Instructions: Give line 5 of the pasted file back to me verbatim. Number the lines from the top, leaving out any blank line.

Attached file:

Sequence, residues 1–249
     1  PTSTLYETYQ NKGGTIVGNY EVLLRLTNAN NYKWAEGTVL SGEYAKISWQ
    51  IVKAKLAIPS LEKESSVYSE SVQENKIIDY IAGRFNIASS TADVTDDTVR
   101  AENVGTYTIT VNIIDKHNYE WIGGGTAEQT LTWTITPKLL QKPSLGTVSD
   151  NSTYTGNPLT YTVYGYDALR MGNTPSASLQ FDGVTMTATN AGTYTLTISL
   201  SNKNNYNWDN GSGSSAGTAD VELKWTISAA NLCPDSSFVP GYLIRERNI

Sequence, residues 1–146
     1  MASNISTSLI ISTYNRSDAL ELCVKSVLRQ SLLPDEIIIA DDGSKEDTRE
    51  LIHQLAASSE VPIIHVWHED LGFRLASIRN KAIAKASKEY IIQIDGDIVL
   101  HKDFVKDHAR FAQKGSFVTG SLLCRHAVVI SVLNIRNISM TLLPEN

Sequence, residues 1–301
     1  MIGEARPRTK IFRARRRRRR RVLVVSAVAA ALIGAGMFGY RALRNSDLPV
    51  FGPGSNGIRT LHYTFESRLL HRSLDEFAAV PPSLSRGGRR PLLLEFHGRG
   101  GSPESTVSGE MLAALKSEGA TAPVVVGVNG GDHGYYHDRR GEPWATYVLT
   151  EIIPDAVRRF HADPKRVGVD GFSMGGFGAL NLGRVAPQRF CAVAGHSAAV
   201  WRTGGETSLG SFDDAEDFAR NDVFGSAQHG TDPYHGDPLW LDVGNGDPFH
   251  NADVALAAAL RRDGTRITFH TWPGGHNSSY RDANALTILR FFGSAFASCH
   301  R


   151  NSTYTGNPLT YTVYGYDALR MGNTPSASLQ FDGVTMTATN AGTYTLTISL